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UK Government has not discussed Irish corporation tax rate, says Osborne

printer Mail

Ireland should be in charge of its own tax rates, the Chancellor said yesterday as he outlined the UK’s participation in an international financial assistance package which will support ‘an ambitious four-year fiscal strategy’ to be set out by the Irish Government later this week.

Ireland’s 12.5% corporation tax rate was reported to be ‘a major point of contention’ in talks about a proposed bail-out. The Financial Times quoted a French official last Friday as saying that the rate was seen by some, elsewhere in Europe, as ‘almost predatory’.

An FT editorial claimed that the idea of exploiting the control over Dublin’s economic affairs that a European loan would imply in order to ‘force up’ the rate was ‘the ugliest expression of naked self-interest’.

George Osborne said he had agreed to offer a bilateral loan to Ireland, on top of funding from the IMF and the EU. ‘This is a situation of great difficulty for Ireland and it is a tragedy when it did so much to improve its competitiveness with low taxes and flexible labour markets, but the truth is that it had a hugely leveraged banking sector that was badly regulated,’ he said.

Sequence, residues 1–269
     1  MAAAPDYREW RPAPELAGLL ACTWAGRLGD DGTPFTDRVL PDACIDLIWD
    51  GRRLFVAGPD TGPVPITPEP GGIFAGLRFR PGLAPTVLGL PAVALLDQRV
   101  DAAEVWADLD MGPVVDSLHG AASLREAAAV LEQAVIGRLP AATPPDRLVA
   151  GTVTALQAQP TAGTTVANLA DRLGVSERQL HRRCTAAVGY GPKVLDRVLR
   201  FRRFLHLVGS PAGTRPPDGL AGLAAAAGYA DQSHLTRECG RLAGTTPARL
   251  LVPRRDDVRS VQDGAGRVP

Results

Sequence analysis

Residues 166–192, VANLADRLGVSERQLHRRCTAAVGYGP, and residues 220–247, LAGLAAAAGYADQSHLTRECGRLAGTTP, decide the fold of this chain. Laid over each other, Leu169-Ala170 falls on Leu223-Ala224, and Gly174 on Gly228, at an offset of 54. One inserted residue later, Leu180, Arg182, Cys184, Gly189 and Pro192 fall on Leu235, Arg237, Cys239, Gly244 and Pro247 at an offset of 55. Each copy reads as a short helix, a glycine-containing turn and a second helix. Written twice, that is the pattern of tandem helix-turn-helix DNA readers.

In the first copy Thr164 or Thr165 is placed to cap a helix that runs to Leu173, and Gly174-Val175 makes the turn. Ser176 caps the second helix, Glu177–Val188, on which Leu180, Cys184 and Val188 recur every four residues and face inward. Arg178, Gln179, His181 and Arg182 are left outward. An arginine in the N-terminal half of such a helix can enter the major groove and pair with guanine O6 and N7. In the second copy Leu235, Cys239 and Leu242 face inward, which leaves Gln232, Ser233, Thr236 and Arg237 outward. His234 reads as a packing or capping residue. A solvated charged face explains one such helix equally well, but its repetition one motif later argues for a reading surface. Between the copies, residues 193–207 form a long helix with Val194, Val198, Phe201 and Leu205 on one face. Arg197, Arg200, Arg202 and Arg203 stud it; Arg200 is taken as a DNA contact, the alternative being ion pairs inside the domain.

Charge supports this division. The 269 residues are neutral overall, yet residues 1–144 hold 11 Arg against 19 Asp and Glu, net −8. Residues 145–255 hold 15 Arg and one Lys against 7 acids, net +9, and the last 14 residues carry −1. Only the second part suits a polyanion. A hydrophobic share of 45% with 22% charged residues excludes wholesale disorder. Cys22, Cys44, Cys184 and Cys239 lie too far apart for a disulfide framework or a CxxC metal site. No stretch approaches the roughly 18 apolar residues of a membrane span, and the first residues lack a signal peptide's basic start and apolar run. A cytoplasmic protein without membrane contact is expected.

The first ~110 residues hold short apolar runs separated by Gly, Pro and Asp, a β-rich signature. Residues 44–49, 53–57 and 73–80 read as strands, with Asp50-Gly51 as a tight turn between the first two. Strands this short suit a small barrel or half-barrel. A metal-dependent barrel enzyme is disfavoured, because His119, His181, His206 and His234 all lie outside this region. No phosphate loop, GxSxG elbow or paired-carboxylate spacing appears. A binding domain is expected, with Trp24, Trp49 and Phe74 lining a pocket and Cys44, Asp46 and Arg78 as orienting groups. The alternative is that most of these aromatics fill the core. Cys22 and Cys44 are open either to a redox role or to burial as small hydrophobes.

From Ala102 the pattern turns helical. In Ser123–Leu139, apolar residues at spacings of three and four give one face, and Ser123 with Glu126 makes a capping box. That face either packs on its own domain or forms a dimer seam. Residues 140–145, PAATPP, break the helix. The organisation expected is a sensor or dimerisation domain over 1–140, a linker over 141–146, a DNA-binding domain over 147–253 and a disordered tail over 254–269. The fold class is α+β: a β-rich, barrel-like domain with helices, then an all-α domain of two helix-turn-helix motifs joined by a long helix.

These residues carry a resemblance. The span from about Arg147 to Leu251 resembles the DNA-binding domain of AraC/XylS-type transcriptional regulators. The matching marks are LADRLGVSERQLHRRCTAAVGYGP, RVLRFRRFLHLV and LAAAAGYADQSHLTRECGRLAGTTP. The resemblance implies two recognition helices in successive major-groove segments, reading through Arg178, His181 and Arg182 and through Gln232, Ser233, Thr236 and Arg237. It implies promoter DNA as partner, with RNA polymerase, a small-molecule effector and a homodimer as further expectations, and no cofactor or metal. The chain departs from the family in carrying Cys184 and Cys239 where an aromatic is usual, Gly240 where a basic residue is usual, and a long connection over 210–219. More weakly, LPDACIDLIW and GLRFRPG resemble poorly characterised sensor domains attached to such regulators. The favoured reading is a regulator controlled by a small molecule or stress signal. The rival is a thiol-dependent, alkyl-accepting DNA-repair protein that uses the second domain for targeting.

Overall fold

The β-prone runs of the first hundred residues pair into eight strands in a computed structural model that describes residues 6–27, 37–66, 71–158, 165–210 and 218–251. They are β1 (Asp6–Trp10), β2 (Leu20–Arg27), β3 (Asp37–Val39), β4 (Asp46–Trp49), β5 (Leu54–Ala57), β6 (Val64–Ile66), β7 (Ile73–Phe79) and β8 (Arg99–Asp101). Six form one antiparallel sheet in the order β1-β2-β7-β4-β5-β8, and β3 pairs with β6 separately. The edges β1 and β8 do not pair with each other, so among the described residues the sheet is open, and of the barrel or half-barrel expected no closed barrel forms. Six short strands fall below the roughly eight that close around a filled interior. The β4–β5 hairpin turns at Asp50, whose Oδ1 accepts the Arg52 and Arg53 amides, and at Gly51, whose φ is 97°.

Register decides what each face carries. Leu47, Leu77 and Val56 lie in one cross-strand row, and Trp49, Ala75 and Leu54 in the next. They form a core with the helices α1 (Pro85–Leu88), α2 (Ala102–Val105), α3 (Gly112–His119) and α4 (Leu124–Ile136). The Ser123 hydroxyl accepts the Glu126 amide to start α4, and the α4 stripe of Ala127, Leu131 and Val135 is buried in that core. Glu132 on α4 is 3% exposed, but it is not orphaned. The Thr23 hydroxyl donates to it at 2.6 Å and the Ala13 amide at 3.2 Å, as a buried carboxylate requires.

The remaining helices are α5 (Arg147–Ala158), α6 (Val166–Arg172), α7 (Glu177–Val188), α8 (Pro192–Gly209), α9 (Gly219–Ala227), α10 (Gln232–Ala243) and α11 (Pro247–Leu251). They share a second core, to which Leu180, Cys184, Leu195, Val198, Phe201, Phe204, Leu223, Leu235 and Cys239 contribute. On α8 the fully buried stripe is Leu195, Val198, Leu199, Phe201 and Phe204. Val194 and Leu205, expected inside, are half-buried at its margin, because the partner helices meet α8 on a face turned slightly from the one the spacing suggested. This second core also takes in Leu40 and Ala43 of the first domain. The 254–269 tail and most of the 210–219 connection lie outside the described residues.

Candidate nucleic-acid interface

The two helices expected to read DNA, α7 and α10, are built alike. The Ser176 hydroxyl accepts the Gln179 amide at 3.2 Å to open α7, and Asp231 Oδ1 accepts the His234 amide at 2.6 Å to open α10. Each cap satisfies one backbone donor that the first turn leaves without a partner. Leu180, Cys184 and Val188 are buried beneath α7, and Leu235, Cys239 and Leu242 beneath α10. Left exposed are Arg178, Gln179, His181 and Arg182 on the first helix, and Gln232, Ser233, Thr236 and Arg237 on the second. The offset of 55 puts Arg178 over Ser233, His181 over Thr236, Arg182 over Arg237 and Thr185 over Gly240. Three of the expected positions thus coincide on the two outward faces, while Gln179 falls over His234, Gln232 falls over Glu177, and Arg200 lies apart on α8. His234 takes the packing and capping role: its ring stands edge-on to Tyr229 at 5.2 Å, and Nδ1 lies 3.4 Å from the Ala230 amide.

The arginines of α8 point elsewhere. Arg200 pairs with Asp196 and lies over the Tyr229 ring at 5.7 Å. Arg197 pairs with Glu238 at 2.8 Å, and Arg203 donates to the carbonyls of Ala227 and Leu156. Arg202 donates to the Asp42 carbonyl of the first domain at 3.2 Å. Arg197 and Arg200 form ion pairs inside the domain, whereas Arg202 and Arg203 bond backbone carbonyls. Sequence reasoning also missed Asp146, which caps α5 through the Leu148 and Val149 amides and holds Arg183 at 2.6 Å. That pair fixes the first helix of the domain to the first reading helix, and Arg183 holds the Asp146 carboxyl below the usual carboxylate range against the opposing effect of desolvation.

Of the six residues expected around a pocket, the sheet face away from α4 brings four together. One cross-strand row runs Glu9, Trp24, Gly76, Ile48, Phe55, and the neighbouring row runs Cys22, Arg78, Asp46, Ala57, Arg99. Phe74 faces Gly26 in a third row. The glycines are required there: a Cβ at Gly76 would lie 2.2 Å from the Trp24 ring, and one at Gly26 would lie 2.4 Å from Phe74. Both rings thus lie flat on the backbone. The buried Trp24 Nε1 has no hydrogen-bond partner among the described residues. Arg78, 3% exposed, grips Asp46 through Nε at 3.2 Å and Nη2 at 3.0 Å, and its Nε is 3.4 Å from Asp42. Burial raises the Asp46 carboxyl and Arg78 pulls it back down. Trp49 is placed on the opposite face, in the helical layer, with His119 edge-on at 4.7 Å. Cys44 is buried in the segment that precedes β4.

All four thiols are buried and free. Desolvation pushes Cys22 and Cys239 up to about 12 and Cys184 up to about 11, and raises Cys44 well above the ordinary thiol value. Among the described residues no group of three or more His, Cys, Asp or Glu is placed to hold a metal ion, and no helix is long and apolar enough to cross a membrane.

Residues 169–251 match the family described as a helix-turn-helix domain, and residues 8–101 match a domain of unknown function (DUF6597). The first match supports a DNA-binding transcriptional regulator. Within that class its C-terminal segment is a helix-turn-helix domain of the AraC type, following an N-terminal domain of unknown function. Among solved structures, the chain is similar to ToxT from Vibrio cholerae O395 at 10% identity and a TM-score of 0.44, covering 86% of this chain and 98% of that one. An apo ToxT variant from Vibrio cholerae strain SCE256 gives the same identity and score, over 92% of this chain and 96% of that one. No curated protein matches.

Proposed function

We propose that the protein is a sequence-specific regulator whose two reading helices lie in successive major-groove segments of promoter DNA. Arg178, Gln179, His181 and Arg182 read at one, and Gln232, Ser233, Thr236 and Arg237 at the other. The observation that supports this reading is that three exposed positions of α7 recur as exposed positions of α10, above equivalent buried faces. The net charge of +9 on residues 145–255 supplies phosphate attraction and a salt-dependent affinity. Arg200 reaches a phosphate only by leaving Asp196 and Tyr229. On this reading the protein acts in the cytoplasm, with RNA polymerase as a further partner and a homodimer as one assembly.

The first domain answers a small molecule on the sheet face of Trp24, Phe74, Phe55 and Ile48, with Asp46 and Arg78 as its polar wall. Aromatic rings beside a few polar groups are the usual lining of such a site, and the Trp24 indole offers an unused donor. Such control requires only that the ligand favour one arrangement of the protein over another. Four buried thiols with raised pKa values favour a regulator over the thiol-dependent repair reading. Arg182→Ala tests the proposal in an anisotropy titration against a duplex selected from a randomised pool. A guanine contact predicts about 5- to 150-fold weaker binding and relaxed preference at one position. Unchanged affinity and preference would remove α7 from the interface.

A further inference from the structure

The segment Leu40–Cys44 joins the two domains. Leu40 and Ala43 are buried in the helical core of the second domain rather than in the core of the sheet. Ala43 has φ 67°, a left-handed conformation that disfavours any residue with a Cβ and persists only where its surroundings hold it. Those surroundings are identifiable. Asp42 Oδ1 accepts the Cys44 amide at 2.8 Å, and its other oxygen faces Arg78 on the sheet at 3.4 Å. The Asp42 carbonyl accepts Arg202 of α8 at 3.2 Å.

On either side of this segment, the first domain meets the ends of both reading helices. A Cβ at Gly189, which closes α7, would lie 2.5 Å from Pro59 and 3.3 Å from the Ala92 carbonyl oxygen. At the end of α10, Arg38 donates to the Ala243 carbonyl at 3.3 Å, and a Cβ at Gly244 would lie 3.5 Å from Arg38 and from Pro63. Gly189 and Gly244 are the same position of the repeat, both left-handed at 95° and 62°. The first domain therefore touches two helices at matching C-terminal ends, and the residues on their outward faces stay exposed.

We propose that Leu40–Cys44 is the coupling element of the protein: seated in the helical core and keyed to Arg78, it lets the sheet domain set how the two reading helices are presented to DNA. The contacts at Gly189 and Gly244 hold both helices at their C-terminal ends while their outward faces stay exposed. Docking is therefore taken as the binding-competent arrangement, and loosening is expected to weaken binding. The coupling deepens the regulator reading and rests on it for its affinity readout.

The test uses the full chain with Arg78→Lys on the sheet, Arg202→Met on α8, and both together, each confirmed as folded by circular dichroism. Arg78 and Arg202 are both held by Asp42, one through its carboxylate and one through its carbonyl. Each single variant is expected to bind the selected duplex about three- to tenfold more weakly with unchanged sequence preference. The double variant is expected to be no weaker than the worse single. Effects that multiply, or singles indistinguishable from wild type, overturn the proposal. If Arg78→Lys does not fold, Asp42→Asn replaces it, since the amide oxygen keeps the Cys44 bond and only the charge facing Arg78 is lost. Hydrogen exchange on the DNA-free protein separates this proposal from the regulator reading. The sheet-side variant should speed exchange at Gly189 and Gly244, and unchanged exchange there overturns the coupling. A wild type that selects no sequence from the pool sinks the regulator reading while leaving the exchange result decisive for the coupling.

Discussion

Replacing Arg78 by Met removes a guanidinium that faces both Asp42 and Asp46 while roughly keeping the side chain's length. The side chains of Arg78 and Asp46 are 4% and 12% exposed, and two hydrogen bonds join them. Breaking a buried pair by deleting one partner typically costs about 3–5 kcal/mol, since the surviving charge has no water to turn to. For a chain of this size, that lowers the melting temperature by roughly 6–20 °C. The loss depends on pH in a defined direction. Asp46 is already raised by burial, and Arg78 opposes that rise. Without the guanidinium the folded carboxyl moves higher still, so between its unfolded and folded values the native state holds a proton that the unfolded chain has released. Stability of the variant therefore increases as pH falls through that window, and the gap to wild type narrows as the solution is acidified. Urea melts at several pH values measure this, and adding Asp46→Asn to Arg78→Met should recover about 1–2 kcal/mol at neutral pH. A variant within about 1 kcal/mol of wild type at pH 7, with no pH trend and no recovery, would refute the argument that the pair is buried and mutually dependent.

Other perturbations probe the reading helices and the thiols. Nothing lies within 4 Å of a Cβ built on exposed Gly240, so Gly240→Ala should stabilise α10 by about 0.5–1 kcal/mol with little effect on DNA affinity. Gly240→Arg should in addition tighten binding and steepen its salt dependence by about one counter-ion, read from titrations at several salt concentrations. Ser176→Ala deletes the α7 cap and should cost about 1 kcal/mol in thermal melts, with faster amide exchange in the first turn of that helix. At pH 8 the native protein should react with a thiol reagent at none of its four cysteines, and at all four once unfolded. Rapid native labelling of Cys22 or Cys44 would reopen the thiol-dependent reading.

‘I think it is well known that corporation tax has been the subject of discussion in some European Union capitals, but not here – we believe that countries should be free to set their own tax rates.’

Labour MP Kate Hoey asked whether, in setting conditions for the loan, he would ‘take into account the feelings of people in Northern Ireland who, if they live on the border, see corporation tax at 12% just down the street, but at 28% in Northern Ireland, and will be asking why they are paying more to help a country when there is such a disparity in corporation tax’.

Osborne replied: ‘Ireland should be in charge of its own tax rates. How the terms of the financial assistance are met has to be a decision ultimately for the Irish Government and the Irish Parliament. It is the thin end of the wedge if we allow other countries and other international organisations to start determining what corporate tax rates should or should not be.

'It is in everyone's interests that Ireland grows, and it would not be particularly in our interests if the Irish undertook measures that might, for example, lead to an immediate flight of international business.’